Press: Code Magazine - Navajo Design: Steve Getzwiller and Hiroki Nakamura - 2012
Steve Getzwiller and Hiroki Nakamura 2012
September 2012 -- CODE MAGAZINE contacted us about an article some months ago.
It is exciting to see Europe’s appreciation of Navajo Art and Design. Along with the article on Steve, there was a feature article on Niroki Nakamura, Japanese Designer, and as he says, “I wanted to “clash’ my design philosophy into Navajo Culture."
True Navajo pieces are serious undertakings, as Steve Getzwiller of Nizhoni Ranch Gallery in Sonoita, Arizona, will tell you. The hand-woven, rugs commissioned by Getzwiller and produced by Southwest American Navajo can take anywhere from between a month to a year or more to complete, with careful consideration given to the sourcing of materials and dyes.
When he was young, Getzwiller sixth generation rancher, traded his childhood collection of rifles and shotguns for his first Navajo rugs. Since then, he’s worked with hundreds of weavers over the past four decades, becoming one of the world’s leading experts and proponents of the living art form prized for its rich history, incomparable quality, and intricate geometric patterns and colors. “I’m a collector first and foremost,” says Getzwiller.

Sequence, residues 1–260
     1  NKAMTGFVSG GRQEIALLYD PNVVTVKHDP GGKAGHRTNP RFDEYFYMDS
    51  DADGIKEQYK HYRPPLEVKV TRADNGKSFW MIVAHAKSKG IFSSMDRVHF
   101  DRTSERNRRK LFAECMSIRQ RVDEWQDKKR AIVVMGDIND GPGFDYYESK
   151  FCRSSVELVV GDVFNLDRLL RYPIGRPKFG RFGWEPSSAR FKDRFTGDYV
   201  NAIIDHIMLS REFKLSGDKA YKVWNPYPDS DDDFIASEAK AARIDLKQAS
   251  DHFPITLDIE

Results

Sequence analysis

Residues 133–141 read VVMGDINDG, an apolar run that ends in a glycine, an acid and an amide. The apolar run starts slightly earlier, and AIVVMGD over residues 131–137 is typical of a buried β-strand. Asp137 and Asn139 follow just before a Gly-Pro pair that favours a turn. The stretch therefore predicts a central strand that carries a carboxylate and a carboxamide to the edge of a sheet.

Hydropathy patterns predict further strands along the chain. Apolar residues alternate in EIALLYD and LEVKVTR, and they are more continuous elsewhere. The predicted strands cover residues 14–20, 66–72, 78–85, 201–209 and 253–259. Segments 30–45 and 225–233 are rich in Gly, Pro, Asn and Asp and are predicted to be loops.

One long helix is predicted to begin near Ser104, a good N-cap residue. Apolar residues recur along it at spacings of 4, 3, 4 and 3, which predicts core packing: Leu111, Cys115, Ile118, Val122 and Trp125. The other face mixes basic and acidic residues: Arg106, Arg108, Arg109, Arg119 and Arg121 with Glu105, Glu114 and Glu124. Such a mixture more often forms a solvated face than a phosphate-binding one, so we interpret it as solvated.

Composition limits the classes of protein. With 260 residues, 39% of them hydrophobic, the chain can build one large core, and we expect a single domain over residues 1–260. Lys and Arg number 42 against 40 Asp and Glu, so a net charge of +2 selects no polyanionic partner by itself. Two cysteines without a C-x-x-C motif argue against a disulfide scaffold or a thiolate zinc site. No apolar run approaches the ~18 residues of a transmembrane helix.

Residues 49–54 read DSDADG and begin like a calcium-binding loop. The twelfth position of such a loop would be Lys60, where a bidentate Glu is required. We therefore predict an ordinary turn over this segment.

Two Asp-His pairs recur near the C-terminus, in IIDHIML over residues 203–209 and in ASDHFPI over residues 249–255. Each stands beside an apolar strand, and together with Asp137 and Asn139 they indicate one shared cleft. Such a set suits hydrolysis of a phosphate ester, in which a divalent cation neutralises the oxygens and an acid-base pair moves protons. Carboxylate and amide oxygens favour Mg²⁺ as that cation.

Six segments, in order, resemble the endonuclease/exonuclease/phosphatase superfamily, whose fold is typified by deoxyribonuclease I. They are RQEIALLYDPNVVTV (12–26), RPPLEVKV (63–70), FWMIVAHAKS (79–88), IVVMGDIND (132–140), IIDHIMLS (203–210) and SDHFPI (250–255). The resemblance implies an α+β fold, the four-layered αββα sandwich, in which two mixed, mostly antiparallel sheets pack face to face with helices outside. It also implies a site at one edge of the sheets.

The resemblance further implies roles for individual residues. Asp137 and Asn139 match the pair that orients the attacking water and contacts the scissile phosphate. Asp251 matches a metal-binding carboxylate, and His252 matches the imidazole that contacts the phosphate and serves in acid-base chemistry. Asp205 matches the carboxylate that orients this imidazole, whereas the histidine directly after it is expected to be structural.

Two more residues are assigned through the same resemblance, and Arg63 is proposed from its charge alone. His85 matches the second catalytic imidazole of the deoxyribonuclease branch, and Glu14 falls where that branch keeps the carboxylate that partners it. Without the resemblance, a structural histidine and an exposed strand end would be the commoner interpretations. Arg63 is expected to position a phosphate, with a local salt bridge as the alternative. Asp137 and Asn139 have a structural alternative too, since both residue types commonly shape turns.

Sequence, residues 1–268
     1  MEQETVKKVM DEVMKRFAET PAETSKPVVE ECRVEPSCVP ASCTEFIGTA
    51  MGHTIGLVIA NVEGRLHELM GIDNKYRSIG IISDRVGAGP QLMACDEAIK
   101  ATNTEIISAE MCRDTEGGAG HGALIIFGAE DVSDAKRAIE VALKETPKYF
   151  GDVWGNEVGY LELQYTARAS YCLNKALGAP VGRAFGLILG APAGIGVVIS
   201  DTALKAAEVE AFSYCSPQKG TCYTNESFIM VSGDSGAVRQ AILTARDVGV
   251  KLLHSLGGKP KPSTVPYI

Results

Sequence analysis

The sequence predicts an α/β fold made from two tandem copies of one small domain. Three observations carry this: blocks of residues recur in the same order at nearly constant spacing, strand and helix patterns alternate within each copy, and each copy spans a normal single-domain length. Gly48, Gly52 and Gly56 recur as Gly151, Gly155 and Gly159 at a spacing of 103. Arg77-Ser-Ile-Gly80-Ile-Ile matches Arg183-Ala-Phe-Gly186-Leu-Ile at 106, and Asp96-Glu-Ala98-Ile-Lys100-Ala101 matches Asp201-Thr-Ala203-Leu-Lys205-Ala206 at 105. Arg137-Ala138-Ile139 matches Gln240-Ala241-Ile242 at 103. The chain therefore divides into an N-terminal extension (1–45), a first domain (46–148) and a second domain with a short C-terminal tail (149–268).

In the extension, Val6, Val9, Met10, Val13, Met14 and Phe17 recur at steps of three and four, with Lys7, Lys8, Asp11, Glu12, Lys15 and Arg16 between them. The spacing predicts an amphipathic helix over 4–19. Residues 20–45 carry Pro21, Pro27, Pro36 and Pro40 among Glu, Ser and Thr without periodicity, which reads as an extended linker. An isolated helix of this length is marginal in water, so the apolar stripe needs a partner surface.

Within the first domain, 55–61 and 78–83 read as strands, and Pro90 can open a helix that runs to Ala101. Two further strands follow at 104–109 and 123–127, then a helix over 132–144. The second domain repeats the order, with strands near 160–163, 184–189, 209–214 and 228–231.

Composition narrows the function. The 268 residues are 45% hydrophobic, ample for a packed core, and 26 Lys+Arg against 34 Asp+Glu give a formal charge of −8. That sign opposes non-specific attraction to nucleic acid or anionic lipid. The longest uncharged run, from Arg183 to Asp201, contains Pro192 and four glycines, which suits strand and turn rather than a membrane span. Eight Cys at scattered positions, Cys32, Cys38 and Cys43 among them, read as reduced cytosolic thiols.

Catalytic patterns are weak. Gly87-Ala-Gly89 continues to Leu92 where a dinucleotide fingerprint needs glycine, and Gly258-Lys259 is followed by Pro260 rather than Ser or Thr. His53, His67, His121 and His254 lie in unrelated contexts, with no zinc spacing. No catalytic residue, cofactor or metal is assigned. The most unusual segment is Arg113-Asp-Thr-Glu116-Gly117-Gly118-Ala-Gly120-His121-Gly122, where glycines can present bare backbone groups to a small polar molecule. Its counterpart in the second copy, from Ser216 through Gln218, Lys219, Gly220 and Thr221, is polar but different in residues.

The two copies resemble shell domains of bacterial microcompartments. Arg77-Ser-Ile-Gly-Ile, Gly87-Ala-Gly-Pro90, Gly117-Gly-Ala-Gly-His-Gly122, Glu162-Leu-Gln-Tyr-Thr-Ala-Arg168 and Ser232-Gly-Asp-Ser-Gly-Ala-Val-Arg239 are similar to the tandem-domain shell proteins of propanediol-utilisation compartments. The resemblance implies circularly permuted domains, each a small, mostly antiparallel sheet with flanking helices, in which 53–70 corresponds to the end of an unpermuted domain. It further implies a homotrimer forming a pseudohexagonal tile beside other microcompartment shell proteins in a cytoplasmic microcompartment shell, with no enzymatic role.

Nizhoni, the name of the home and gallery he shares with his wife Gail, means “beautiful” in Navajo. “We have clients from all over the world.” The centerpiece of Getzwiller's work is the Navajo Churro Collection, named for the Spanish breed of sheep’s wool Getzwiller reintroduced to Navajo weaving.
“To bring the designs back to wearable art is natural,” says Getzwiller, explaining that the original 17-19th century pieces were prized wearable possessions. A good “wearable blanket” of the time was worth 40 horses. It wasn’t just stylish though, said Getzwiller, “It was woven so fine and tight it could shed water. It could save your life in those times!” Interview by Jason Jules
Mystery surrounds Visvim’s Hiroki Nakamura. While the Japanese designers’ work has become synonymous with the idea of new classics, interviews with him often focus on abstract concepts and give little away about the man himself. CODE met up and had a down to earth conversation about his curiosity and looking back in order to see the future.
Hiroki Nakamura wearing Navajo First Phase Chief Blanket
He says, “The Navajo blankets are beautiful, and I realized that the beauty of Navajo craft is unevenness. It’s not perfect, yet somehow, it’s so harmonized, which is something we’ve lost in modern manufacturing. With today’s production and digital world, everything is made flat with digital cameras and computers. It’s kind of like we’re missing a feeling – missing the hands-on feeling” .